In describing what music sounds like it’s virtually impossible to avoid falling back on metaphors and similes of various kinds; as it happens, the most musically suggestive figures and comparisons come from the language of the visual arts. And so it is that Canadian composer Jordan Nobles titles his 30-minute-long Chiaroscuro (2014/2020) after a painterly technique; but unlike chiaroscuro, which exploits the binary opposition of light and shadow, Chiaroscuro exploits multifaceted interactions of instrumental color. Nobles’ basic material consists of clusters of voices defined by their particular fusions of timbres rather than by conventional melodies or harmonies; he arranges these clusters as a sequence of semi-independent events taking place within a virtually static rhythmic framework. The atmosphere is suspenseful and palpably, if subtly, tense.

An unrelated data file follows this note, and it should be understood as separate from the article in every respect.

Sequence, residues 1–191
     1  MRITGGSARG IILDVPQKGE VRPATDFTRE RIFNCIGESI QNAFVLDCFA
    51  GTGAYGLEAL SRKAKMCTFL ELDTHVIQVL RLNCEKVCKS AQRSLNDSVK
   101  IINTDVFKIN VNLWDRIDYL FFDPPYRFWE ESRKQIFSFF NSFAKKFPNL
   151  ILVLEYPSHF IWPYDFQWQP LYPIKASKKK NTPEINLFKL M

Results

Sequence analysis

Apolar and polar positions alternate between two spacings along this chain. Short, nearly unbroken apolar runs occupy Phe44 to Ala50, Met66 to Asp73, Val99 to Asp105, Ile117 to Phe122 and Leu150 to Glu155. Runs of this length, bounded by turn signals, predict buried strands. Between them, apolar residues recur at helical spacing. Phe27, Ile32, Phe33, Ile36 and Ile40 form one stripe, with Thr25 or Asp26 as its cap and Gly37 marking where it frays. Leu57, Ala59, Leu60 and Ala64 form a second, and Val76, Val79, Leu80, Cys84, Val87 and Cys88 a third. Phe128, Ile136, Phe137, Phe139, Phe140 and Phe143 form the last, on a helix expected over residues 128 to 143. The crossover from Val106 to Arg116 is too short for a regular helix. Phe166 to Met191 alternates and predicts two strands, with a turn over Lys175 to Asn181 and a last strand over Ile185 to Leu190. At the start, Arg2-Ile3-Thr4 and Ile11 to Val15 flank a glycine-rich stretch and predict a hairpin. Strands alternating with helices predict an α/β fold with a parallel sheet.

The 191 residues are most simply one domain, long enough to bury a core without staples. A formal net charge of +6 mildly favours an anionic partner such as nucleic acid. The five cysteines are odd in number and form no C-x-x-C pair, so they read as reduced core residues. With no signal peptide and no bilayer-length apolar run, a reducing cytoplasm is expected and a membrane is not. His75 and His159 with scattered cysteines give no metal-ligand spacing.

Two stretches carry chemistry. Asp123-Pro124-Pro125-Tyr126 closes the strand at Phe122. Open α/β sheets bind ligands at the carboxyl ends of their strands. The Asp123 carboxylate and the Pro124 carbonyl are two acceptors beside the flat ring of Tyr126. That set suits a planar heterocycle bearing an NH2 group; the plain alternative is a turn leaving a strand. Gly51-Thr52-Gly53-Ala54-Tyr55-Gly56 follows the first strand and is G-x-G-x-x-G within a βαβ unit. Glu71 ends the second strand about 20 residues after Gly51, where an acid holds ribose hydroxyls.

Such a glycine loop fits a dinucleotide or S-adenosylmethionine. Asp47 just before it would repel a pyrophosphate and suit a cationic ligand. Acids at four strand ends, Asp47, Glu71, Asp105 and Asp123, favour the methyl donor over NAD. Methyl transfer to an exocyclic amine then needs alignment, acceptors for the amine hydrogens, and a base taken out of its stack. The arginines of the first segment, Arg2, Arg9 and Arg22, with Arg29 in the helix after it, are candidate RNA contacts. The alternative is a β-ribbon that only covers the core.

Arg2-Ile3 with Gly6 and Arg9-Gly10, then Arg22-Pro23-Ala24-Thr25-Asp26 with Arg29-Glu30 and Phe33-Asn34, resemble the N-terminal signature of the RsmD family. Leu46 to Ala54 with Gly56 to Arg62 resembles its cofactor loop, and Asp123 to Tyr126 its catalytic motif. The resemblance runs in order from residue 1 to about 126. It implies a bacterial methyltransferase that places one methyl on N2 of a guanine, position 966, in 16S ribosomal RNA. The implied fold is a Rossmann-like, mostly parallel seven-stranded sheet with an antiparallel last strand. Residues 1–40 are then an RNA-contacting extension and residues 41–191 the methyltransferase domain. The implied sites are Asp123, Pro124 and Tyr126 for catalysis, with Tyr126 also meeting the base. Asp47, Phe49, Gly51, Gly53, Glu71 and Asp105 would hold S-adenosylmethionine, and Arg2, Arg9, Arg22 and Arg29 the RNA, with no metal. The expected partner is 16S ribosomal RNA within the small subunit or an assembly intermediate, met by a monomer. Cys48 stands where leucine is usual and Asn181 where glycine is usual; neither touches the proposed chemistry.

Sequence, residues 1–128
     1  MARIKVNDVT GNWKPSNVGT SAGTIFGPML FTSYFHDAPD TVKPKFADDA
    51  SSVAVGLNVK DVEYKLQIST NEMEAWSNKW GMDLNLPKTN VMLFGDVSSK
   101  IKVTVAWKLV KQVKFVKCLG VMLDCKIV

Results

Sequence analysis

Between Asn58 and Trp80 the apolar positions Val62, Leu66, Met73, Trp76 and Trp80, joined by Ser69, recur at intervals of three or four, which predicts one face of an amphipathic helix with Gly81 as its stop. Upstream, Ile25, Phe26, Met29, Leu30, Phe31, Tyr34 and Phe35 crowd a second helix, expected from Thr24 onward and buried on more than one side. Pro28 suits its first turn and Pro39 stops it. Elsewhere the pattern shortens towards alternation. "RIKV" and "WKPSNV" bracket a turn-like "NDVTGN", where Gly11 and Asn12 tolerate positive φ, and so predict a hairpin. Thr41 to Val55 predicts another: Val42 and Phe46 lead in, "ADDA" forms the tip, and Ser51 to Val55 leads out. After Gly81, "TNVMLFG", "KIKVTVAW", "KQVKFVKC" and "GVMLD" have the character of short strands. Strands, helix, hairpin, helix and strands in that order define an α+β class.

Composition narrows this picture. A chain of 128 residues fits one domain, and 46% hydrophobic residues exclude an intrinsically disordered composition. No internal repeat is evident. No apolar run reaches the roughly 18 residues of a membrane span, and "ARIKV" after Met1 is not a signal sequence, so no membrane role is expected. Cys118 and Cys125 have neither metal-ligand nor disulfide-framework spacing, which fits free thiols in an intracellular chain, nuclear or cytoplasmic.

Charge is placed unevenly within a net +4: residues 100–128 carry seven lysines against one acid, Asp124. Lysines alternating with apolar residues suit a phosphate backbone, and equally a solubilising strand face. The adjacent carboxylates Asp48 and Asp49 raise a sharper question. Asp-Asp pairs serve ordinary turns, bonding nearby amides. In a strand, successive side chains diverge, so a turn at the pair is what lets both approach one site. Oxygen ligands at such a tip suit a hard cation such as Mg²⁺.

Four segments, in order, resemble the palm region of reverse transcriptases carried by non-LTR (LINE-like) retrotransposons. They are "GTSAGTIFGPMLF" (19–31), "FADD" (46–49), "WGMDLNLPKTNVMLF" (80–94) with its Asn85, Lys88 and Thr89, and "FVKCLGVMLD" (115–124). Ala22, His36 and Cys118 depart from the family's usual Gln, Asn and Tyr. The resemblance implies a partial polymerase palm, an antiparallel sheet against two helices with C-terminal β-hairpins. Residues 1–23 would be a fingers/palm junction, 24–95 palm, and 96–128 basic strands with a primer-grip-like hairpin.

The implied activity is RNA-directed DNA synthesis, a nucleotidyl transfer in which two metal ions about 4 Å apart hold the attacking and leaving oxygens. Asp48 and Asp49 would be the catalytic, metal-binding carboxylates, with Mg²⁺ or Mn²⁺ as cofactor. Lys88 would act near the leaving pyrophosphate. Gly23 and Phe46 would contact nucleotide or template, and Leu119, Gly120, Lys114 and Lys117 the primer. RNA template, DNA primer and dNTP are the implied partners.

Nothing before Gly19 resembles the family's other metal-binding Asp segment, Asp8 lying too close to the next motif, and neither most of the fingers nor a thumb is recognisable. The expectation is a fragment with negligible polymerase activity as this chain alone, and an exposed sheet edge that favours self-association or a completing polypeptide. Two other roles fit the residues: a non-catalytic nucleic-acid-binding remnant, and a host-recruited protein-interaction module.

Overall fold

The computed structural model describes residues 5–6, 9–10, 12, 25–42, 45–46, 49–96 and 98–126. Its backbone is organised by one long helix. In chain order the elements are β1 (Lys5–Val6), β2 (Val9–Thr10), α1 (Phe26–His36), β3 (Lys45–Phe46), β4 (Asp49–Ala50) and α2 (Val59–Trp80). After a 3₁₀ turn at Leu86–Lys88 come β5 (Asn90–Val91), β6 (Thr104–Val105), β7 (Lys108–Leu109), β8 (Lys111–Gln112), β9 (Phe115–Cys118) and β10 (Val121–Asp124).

Running at half the length of the quasi-immobile Chiaroscuro is the strongly rhythmic Pulses (1998) which, as its title suggests, is a piece constructed of pulse-based melodic patterns and their variations. As with Chiaroscuro, the focus of the piece is on changes of instrumental color. In contrast to the longer work, in the shorter Pulses a steady rhythm provides the continuity binding a series of smoothly segued, gradually evolving aggregations of instrumental timbres. Nobles keeps the undistractingly simple melodic material moving among constantly changing subgroups of different sizes and makeup; the result is an absorbing work that revels in the sheer beauty of sound-color dynamics.